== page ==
Banking For ‘Bows, Browns And Brookies
Written By: Cal Kellogg, December 1, 2011 Species: Trout,
With the north state's lakes cooling, trout are once again moving back within easy reach of bank anglers. Fall and early winter is prime time for encountering fat hard fighting holdovers. As a result I thought that this would be a good time to provide an excerpt from my book, The Trout Fishing Handbook detailing the basics of bank fishing for trout, so that you can get out there and enjoy some of the great trout action that is just getting underway!
Banking for trout is a fairly simple endeavor, but like other types of fishing it requires a selection of good quality gear and a solid systematic strategy. The first thing the aspiring bank angler needs is a rod and reel.
Obviously, when bank fishing you'll be doing a lot of casting. This makes spinning tackle the best choice. I prefer a 7 foot stick. Much of the time you'll be fishing your baits close to the bank, but there are some situations where casting well offshore gives you a distinct advantage and this is when a longer rod really shines.
Once you've settled on a rod, it's time to pick out a reel. The first requirement is that the reel has a smooth drag. At times 4 pound leader material is required to draw strikes. When fighting trout on line that light you don't want the drag to stick at all.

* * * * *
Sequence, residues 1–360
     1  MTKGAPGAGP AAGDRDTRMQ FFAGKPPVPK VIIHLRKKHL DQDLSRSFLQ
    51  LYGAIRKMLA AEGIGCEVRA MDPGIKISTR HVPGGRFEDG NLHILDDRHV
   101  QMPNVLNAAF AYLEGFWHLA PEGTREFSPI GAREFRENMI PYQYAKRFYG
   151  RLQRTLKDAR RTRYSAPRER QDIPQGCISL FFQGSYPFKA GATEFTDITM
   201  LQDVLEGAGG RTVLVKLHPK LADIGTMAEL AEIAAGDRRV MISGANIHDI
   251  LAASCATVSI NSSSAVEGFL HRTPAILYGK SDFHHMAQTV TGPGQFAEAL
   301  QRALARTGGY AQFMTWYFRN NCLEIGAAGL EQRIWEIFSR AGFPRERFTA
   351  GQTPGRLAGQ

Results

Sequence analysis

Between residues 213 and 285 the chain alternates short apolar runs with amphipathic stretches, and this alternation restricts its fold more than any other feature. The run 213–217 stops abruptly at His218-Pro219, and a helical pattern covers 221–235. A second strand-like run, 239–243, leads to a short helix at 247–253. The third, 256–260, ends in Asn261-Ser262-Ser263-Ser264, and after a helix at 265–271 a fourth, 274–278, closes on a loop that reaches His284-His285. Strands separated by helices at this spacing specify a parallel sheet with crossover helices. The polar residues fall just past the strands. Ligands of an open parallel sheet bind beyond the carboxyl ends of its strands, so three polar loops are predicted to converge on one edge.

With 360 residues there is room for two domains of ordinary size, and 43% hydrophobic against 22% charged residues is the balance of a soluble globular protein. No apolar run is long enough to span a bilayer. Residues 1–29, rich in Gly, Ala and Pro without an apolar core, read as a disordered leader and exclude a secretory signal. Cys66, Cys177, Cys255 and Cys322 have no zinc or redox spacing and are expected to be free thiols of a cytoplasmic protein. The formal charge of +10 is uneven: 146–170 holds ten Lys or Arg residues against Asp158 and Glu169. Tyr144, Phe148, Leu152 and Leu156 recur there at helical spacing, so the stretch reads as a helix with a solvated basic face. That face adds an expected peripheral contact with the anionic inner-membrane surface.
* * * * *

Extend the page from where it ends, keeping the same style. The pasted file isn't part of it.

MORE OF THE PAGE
Another consideration in selecting a reel is its line capacity. An average size trout isn't going to pull a lot of line off the reel. So a very small reel with a modest line capacity would do the trick most of the time, but what happens when you hook the trout of a lifetime? When that happens you need plenty of insurance in the form of line capacity. A reel capable of holding at least 200 yards of 6 pound line is a sensible choice.
End tackle represents the nuts and bolts of the bank angler's toolbox. Since trout spend most of their time holding near the bottom, that's the most effective zone for presenting your bait. The basic bait fishing set up is the sliding sinker rig. To construct sliding sinker rigs, you'll need a selection of hooks, weights, beads and swivels along with some fluorocarbon leader material.